The Gender Confidence Gap Is Real, But It's Greater In Developed Countries, Says New Study
We've long been hearing anecdotal evidence of women being more hesitant than men to speak up in meetings, apply for jobs, and accomplish other tasks that require faith in themselves. Now, science has also confirmed it: the gender confidence gap is real. Men throughout the world do indeed have higher self-esteem than women, though there are a few fascinating cultural differences (more on that later).
These findings, published in the Journal of Personality and Social Psychology, shouldn't come as a surprise. We already knew from a National Bureau of Economic Research report that women are less likely than men to negotiate their salaries, and a Hewlett Packard report found women less willing to apply for jobs they weren't 100 percent qualified for. According to The Confidence Gap by Claire Shipman and Katty Kay, women also consider themselves less ready for promotions and routinely underestimate their abilities.
This new study, however, took a look at differences in self-esteem around the world for the first time. First, they confirmed that the confidence gap is real — and it exists in all 48 countries the authors studied. When asked to rate the truth of the statement "I see myself as someone who has high self-esteem," men consistently out-rated women.
The authors posited both genetic differences and cross-cultural sociocultural differences as possible sources of this pattern. Since most of the world is patriarchal at this moment in history, the confidence gap could very well be related to women's perception of their inferior status, especially given that the wage gap affects how women view themselves. A recent study published in Social Science & Medicinefound that women whose earnings are lower than their male peers' are more likely to experience anxiety and depression. "If women internalize these negative experiences as reflective of inferior merit, rather than the result of discrimination, they may be at increased risk for depression and anxiety disorders," lead author Jonathan Platt said in a press release.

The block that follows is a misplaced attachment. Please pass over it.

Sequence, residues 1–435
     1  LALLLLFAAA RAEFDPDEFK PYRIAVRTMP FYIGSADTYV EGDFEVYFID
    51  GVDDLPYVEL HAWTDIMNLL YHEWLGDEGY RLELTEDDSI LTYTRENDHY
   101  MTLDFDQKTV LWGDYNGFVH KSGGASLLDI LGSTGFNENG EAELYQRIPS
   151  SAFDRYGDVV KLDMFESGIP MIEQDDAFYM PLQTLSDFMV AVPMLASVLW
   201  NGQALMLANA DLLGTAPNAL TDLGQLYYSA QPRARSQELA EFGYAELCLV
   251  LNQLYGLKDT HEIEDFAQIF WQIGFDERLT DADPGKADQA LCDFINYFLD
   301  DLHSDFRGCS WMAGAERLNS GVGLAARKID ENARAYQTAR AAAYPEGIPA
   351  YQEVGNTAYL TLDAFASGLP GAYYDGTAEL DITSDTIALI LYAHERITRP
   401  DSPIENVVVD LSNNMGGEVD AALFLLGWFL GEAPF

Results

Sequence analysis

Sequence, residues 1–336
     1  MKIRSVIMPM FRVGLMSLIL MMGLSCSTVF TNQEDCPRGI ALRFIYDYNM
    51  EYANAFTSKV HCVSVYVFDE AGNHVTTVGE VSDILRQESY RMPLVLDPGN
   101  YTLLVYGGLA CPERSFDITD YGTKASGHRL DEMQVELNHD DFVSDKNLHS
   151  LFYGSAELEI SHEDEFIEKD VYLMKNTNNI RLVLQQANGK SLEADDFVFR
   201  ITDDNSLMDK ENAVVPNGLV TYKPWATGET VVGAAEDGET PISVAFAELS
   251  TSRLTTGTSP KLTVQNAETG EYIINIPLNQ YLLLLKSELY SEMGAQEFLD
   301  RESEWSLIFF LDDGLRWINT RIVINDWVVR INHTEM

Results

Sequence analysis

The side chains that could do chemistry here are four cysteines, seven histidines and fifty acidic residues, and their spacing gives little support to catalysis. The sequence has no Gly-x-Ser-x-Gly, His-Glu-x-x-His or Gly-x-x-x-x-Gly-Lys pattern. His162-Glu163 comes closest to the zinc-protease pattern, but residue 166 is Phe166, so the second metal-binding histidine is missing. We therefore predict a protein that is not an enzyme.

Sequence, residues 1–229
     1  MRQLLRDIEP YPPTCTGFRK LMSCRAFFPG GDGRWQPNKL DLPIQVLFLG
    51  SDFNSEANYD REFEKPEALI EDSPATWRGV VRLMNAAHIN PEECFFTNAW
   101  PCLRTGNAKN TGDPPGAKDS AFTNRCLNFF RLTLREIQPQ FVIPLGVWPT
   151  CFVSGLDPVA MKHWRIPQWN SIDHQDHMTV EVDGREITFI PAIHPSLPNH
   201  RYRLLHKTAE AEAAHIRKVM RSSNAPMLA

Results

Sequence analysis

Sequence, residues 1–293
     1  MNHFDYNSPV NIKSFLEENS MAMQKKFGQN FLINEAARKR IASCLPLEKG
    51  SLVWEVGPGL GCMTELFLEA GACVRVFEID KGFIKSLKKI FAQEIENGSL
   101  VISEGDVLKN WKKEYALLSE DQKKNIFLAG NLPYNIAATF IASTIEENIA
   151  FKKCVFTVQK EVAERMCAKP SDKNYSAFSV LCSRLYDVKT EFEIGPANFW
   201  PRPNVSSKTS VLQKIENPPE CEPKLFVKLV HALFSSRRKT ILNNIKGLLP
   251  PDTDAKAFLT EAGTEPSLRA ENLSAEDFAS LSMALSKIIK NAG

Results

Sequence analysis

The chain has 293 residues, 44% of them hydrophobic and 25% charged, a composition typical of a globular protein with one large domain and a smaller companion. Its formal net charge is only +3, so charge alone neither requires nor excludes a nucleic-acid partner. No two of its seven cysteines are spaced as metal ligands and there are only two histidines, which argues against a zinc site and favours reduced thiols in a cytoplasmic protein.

The confidence gap could also stem from the media's negative effect on women's body image. A recent study by Yahoo Health showed that men are happier with their bodies than women, which can be a huge contributor to confidence, since women are taught to conflate their bodies with their self-worth.
The authors of the Journal of Personality and Social Psychology study on the confidence gap point out that "masculine" traits correlate with confidence in both genders, suggesting that the gap may be related to gender stereotypes and the way we value them. Women may have more feminine traits due to socialization or perceive themselves as more feminine because they're women, so since most cultures devalue femininity, women may view themselves as less valuable.
These theories, however, don't explain another of the study's findings: that there is a higher gap in confidence between men and women in industrialized, developed countries. The higher a country's GDP per capita, Human Development Index, and age of marriage, the higher the confidence gap.
Why would the countries that tend to present better conditions for women breed women who are less confident than men? The authors suggest that women are more likely to compare themselves to men when there is greater gender equality, making their ostensible inferiority more pronounced and leading them to stereotype themselves.
Relatedly, when gender inequality is less obvious and women are taught they're the only forces impeding their own success, women may be more likely to blame themselves when they don't achieve as much as men do. The researchers also postulate that the difference between countries could relate to a greater emphasis on the media's beauty ideals in more developed countries.
Whatever the reason, if you're a woman struggling with confidence, it's not just you. It likely has something to do with your gender, and it's probably not just biological. So, if you're having trouble feeling like you deserve to feel good about yourself, remember your confidence has a larger cause. Don't just engage in positive self-talk for yourself; do it to stick it to the patriarchy.